Tomorrow the Public Ethics Commission takes up campaign-finance rules (PDF). Campaign donation and spending limits are justified by a vague but widely-accepted notion that money is not great for politics, and limited money levels the playing field, encouraging grassroots candidates and competitive elections. As someone who served on the campaign committee of a grassroots challenger (Sean Sullivan in 2008) to an Oakland City Councilmember, I have seen how finance limits affect campaigns. Unfortunately, strict campaign-finance rules make it harder, not easier, for grassroots candidates to wage competitive elections. The evidence? Our remarkably entrenched City Council.
Oakland is one of the few California cities where Councilmembers can run for reelection indefinitely. Of the ten largest cities in California, only Oakland and Sacramento are without term limits for the City Council. In the other eight cities, incumbency is not an issue. But in Oakland, the advantages of incumbency are overwhelming: the last time a full-term Councilmember was defeated for reelection was in 1996, and half of our City Council has been elected to serve sixteen years or more. Oakland’s notable lack of term limits and the built-in advantages of incumbency aren’t the only factors producing stagnant leadership. Strict campaign-finance regulations also favor incumbents because incumbents have more access to loopholes than challengers, while challengers have passionate supporters who are more likely to give the maximum contribution.
The most significant loophole enjoyed by incumbents under Oakland’s campaign-finance rules is the ability to roll over debt from one campaign to the next without triggering self-financing penalties, which is very unfair. Incumbents also tend to do better securing matching funds than their challengers, and it is a rare day when a City Council challenger has access to ballot measure committees or other funds that are allowed to sidestep City regulation. But there is another key reason why incumbents benefit more from campaign donation limits than challengers: passion.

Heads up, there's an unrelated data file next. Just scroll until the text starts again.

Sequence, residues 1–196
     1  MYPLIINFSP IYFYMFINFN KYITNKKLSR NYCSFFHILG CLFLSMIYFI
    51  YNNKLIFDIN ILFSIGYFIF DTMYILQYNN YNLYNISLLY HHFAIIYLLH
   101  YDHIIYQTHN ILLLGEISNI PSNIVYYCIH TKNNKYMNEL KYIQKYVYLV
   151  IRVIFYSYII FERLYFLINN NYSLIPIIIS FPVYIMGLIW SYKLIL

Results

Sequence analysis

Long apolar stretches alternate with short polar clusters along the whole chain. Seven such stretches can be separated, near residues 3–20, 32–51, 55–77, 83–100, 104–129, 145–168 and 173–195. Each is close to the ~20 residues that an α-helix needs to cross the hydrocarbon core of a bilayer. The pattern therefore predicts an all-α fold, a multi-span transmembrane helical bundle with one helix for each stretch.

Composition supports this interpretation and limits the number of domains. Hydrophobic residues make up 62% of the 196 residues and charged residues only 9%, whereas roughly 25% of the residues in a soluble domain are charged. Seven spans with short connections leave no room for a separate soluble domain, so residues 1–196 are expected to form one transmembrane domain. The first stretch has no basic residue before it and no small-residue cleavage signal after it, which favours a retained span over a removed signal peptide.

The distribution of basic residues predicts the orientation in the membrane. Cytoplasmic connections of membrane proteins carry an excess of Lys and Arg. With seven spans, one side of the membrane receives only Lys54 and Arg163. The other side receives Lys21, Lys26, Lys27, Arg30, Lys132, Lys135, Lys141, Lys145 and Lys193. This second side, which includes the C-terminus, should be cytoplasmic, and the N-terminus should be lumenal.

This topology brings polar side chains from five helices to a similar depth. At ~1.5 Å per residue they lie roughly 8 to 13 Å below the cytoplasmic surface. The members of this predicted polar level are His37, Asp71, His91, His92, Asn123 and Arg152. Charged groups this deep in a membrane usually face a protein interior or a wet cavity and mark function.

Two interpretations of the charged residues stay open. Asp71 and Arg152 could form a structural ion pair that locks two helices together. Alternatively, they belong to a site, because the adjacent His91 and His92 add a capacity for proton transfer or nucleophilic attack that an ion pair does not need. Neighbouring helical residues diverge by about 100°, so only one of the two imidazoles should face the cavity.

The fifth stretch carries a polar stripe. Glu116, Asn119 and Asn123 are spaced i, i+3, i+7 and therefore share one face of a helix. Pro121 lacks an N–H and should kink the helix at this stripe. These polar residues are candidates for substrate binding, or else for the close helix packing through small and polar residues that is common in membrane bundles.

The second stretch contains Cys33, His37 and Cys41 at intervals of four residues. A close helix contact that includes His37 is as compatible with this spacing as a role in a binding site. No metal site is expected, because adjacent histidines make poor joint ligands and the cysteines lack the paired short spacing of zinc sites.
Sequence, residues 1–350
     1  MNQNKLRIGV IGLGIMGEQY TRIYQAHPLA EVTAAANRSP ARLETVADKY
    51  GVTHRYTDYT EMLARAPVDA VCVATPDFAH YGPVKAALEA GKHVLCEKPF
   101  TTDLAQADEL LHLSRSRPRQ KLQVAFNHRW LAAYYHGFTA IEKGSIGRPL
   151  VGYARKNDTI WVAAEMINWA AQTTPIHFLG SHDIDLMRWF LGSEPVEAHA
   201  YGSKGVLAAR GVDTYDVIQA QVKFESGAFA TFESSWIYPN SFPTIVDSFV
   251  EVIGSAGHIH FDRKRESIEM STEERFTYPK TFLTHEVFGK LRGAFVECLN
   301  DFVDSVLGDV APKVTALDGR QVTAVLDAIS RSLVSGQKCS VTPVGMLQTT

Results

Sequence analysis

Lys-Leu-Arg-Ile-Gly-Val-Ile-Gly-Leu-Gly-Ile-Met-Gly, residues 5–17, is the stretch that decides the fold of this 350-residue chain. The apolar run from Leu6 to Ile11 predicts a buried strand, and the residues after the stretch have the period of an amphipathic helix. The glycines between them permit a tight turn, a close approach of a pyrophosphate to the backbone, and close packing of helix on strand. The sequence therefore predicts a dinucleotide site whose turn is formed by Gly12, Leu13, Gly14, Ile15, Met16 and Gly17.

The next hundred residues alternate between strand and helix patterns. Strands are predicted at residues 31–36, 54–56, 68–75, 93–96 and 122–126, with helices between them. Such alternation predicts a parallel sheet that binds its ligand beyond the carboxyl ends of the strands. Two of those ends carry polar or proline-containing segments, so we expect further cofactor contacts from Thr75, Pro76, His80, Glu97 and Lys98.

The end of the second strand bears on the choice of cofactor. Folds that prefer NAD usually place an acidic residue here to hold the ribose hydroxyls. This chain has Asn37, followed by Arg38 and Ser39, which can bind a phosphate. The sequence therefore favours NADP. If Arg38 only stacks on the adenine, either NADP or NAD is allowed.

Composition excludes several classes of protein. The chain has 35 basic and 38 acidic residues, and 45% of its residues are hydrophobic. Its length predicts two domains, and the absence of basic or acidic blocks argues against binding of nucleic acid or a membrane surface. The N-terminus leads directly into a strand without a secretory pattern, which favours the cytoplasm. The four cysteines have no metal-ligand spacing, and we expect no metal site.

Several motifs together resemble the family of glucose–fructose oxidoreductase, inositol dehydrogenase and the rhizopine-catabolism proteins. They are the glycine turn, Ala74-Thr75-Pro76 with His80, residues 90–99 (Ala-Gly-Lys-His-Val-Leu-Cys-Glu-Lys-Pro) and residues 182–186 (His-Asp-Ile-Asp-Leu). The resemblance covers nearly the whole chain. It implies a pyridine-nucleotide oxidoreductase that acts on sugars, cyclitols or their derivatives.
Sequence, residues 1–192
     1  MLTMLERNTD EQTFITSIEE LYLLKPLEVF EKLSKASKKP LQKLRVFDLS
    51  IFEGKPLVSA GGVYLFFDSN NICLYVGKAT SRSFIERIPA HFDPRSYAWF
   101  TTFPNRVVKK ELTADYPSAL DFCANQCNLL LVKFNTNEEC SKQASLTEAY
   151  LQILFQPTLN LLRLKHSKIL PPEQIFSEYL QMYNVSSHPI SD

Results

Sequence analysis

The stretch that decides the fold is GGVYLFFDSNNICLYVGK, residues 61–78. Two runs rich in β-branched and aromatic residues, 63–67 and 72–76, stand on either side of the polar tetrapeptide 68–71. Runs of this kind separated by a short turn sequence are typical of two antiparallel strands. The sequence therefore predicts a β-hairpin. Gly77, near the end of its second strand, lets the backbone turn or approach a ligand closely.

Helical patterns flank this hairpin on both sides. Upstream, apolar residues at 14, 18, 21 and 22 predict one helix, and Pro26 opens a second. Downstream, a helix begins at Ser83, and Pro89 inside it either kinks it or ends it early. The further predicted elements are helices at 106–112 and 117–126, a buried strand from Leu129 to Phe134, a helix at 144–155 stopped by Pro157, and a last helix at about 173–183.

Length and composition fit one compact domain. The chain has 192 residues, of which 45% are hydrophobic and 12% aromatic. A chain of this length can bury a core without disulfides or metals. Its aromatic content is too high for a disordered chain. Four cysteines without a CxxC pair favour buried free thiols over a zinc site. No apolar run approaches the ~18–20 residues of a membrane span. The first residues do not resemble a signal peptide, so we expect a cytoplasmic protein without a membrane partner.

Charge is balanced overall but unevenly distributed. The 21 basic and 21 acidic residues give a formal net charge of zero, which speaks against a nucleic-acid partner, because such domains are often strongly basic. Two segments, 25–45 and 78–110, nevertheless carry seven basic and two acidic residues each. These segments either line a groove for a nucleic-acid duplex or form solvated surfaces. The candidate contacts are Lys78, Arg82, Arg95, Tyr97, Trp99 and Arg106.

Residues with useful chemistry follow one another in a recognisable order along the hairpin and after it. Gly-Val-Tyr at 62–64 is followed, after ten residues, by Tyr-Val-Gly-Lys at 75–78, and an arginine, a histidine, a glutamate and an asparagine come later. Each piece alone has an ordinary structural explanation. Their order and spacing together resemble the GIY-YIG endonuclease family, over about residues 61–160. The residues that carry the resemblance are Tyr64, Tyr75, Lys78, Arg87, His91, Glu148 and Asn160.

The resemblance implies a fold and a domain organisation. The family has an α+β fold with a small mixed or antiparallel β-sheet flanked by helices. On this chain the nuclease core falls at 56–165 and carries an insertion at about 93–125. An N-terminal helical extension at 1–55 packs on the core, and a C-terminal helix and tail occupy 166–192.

It takes a lot of passion to challenge a sitting City Councilmember. As much as people are dissatisfied with the City Council and City leadership in general, it is an uphill climb to unseat an incumbent. Councilmembers can punish their political enemies with unfavorable legislation, and though Councilmembers are not supposed to decide the character of individual development projects, the recipients of public contracts, where parking meters are located, or which parks get renovated, the fact is that they usually do decide these matters. Any community member with interests before the City is taking a huge risk when challenging an incumbent, and recent history bears this out. Nancy Nadel’s tight reelection campaign in 2008 featured a mailer attacking her opponents as real-estate speculators, yet property developers gave her more money than they gave her challengers, because most of them couldn’t risk her wrath. Those who are willing to jeopardize their interests to help Oakland achieve better leadership must be very passionate, and are therefore more likely to contribute the maximum amount of resources allowed.